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THE STORY OF MATTHEW LUCCHINI'S DUI HIT & RUN CHARGES AND WHAT THEY MEAN
MATTHEW LUCCHINI'S DUI HIT & RUN CHARGES
There was a story in the Chicago Tribune about a young man, only 26 years of age, who was charged with misdemeanor DUI, misdemeanor leaving the scene, two counts of misdemeanor failure to yield the right of way to pedestrians in a crosswalk and one count of misdemeanor negligent driving after he struck two girls, ages 7 and 14, in the Portage Park neighborhood of Chicago this past Tuesday morning, police said. This is the story of Matthew Lucchini's DUI Hit & Run charges.
According to the report, the girls were walking in a crosswalk when they were hit around 8 a.m., presumably on their way to school as the Chicago Academy High School and the Chicago Academy Elementary School are in the same block of where the traffic collision occurred. A DUI with Hit and Run is serious business at any time; but occurring at 8:00 in the morning even more serious.
According to the report, the driver, Matthew Lucchini, left the scene, however was located a "short distance away," according to Officer Nicole Trainor, a Chicago police spokeswoman.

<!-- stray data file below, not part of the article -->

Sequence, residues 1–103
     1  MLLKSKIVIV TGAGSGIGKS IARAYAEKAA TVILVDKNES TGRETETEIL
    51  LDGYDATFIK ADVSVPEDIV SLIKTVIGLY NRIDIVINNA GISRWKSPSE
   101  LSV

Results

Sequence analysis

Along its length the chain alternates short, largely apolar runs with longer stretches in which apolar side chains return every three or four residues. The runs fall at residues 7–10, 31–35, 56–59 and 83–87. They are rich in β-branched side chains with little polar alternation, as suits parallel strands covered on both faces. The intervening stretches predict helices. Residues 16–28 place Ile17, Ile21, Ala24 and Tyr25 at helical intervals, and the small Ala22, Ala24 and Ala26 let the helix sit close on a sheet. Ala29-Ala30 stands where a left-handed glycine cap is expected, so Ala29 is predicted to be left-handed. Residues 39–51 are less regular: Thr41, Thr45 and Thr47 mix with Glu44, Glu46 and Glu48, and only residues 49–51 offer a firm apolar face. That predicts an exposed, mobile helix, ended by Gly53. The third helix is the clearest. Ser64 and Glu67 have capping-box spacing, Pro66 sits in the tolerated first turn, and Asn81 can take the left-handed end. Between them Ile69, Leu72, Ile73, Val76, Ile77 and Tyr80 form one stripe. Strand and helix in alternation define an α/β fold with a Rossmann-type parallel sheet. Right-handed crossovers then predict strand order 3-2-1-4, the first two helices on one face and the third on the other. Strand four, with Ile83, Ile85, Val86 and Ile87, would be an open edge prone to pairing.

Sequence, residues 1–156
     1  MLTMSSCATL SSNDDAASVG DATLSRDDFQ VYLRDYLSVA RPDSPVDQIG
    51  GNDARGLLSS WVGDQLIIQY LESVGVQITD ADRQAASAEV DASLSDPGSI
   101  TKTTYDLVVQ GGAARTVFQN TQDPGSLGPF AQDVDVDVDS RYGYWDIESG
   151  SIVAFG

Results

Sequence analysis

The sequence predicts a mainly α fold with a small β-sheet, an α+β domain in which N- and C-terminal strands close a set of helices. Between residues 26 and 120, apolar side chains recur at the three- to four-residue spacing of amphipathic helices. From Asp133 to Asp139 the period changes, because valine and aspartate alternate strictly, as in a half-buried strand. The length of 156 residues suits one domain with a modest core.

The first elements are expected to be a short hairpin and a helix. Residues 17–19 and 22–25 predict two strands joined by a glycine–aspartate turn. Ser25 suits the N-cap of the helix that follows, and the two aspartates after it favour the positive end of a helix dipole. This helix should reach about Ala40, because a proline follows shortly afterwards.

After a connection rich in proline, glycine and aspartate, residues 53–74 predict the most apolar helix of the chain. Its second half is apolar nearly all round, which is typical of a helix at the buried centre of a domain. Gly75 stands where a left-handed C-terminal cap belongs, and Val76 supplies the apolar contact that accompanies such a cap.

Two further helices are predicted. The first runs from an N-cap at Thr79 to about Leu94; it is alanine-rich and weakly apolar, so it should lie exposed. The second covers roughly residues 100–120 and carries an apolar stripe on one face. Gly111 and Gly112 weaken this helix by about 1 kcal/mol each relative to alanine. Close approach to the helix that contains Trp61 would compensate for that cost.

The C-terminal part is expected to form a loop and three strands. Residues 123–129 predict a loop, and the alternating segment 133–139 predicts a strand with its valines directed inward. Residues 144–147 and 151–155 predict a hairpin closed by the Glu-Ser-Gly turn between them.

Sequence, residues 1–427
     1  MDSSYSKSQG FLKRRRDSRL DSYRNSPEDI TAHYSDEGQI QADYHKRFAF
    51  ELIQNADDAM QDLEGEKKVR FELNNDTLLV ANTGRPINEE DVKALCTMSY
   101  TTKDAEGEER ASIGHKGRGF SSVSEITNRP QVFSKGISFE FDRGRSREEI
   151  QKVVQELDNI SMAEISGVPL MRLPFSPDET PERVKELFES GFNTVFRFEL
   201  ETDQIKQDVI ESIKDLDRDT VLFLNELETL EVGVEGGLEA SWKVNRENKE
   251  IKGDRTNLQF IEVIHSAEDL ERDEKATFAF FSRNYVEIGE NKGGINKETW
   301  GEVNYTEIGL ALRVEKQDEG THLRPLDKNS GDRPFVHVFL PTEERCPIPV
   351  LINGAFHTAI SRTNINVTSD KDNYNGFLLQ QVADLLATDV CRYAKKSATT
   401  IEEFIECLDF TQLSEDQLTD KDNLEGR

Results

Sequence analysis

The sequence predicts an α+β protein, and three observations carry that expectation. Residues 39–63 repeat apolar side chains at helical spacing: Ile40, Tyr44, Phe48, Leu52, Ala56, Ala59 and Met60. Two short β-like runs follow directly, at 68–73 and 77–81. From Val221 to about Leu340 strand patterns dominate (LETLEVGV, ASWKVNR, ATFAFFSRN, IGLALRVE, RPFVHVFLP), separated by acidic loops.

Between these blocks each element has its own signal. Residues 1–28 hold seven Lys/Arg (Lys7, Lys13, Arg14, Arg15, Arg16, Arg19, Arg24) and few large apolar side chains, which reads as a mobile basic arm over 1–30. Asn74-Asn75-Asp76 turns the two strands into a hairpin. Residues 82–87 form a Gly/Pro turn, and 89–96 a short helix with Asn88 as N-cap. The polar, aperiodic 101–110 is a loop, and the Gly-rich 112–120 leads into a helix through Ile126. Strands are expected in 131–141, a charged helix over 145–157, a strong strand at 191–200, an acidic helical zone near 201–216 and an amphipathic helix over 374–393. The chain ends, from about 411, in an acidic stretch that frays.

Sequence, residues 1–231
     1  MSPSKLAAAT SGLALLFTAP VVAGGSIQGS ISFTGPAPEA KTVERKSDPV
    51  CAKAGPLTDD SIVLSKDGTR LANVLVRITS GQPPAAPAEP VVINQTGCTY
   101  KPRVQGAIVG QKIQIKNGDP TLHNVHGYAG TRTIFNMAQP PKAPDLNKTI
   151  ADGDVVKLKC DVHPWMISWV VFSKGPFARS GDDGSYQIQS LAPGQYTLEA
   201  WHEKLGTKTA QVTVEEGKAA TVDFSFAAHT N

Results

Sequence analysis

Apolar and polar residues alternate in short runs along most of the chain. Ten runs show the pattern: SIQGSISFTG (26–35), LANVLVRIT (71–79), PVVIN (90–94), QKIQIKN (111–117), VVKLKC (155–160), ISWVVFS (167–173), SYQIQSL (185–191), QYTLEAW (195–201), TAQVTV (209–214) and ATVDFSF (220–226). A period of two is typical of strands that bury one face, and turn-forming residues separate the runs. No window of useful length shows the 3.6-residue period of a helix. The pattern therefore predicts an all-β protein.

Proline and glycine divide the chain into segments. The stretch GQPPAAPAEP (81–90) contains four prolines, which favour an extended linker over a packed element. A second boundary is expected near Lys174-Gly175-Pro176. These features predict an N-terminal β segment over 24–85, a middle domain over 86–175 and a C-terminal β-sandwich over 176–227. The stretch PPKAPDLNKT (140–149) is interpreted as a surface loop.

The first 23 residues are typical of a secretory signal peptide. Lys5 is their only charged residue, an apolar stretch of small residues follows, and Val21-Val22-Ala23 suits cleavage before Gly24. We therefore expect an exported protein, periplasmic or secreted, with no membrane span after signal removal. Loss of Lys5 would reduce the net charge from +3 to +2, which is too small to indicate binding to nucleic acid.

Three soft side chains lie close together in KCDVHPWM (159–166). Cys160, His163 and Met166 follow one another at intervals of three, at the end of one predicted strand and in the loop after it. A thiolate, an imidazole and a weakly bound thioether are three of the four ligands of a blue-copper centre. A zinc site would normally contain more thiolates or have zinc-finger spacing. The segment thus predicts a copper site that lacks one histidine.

This fact should go in the driver’s favor; however, the question remains whether the driver was caught there on his own volition or whether he tried to permanently flee. This is almost always relevant to the question of the seriousness of the alleged conduct. After all, every defendant is "Presumed Innocent” before he can be said to be guilty of the crimes for which he is, (or will likely be), charged.
According to the news report, the 7-year-old was listed in serious condition. The 14-year-old was listed as having suffered a minor injury to her ankle.
The driver was noted as being brought up on misdemeanor charges, not felony charges. If these acts occurred in California, specifically in Orange County, they would most likely lead to felony charges as virtually any injury constitutes “great bodily injury” sufficient to permit the District Attorneys Office to legally file felony charges despite the fact that the decision is discretionary – it can remain a misdemeanor; but some District Attorneys may try to file the more serious felony charge to ensure a conviction.
Motives aside, the fact remains that “DUI Hit & Run Charges” are not something to be taken likely – the charge, whether a misdemeanor or felony, comes with severe increased punishment enhancements, referred to as “DUI Enhancements”. Make no question, if you were to find yourself in need of assistance with this type of matter, you should contact an attorney who specializes in DUI immediately.